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The virtual doctor's visit -- aging studies don't tell much about its inevitability
Wait, wait, don't tell us. If we are patient, media reports will enable us to fully catch up with attitudes about technology in 2006. No, despite many of them in this blog, that's not a typo. So virtual doctor's visits were recently discussed in a NY Times article that I posted - "Are Doctors Ready for Virtual Visits? -- in which the answer was a definitive "no" based on a study published in the Journal of the American Medical Association (JAMA).
But as one observant reader checked, that JAMA telehealth study, published in late December, 2009, was based on attitudes of doctors surveyed between 2004 and 2006! So the iPhone launched in 2007, Skype was bought by eBay in 2005 and by 2006, there were more than 100 million users -- apparently now there are more than 300 million users. Google launched video chat for Gmail in 2008. Hmmm -- you think between 2004 and 2006 doctors and nurses (outside of work) had much so-called virtual exposure?
How intriguing -- other surveys after 2006 contradict it. Massachusetts General Hospital published a study in May, 2009 that separated patients into groups (in person and video-conference) and found that patients and doctors thought the experience was satisfactory. That study was conducted by Dr. Ronald Dixon, who runs the Virtual Practice Project at MGH. Here's another online survey that showed split enthusiasm of 970 prospective patients about the 'concept' (not the experience).
Since 2006, some insurance companies and states endorse. Several insurance companies already reimburse for online (e-mail) visits with doctors -- as Aetna and Cigna began doing in 2008. And in states like Texas and Hawaii, online interaction with the doctor is now part of some family practices. And Blue Cross of Minnesota announced the opening of a virtual clinic using American Well software and webcam.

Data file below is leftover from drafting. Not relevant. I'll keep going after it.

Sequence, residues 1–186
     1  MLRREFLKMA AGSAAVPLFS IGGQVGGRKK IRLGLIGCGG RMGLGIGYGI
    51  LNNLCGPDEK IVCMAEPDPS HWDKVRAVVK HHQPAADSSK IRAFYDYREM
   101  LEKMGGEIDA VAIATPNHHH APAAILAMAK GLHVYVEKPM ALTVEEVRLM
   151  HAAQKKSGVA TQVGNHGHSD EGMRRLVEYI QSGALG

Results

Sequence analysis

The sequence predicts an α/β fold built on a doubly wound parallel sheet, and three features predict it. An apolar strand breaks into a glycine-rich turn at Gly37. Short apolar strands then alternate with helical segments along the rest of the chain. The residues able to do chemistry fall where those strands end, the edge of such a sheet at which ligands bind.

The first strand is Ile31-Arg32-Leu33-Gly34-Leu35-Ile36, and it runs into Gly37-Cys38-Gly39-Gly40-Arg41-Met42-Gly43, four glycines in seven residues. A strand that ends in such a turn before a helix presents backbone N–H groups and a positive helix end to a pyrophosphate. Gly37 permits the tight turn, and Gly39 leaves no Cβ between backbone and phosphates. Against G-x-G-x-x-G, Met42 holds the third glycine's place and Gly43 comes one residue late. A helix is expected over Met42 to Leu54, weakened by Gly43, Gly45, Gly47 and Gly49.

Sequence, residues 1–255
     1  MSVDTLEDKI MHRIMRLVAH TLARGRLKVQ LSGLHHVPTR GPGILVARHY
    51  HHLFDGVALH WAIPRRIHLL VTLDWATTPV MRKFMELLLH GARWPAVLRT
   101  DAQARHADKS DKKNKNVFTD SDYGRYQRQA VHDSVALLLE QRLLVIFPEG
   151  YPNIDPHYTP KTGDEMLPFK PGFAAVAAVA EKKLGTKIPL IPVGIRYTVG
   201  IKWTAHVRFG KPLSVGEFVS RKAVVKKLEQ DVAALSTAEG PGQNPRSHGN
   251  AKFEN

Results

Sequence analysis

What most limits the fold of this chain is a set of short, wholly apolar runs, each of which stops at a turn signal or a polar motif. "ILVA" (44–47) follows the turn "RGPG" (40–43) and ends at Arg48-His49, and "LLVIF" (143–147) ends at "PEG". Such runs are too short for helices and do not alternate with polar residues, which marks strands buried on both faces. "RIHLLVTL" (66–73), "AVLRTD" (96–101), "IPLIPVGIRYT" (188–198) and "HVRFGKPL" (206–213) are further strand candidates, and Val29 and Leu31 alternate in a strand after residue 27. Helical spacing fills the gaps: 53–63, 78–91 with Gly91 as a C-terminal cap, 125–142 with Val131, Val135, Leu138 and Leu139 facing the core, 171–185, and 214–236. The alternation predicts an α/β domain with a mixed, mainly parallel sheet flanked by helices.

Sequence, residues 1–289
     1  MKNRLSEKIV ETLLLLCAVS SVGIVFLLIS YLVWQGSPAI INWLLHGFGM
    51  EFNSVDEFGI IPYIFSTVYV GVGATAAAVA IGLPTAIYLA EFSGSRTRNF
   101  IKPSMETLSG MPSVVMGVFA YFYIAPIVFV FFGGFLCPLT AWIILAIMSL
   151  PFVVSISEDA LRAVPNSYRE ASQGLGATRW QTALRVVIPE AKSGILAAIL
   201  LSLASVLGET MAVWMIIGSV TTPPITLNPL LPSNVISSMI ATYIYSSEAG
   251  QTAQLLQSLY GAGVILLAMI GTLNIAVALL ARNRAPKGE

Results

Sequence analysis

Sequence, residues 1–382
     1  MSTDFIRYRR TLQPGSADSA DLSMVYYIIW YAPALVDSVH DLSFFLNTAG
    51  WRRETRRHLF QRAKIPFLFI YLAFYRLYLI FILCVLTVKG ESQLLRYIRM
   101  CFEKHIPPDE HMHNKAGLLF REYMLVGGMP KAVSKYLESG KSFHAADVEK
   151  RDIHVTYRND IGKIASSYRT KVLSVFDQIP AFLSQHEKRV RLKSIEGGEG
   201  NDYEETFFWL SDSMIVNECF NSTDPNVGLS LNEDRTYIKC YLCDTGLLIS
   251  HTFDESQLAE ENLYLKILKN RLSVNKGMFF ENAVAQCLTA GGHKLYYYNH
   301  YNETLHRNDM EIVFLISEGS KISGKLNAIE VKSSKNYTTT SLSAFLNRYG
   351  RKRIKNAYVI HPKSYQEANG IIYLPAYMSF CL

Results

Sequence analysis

Forget the JAMA study -- here come virtual visits. Medical practices, hospitals, clinics are well aware of a much-changed world and consumer health care costs that can be breathtaking. American Well's virtual visit platform use is growing, as are other virtual platforms discussed in our 2009 Calibrated Care report. They have read about transformation of self-care and virtual visits in Denmark. Given the geographic distribution of people -- and the distance required to get to doctors in some states and rural areas, given the availability of technology that was barely known or completely unknown in 2006, these are going to happen, reimbursement has begun, criteria for the use has emerged, and the JAMA study (and its much-syndicated press coverage) is already irrelevant.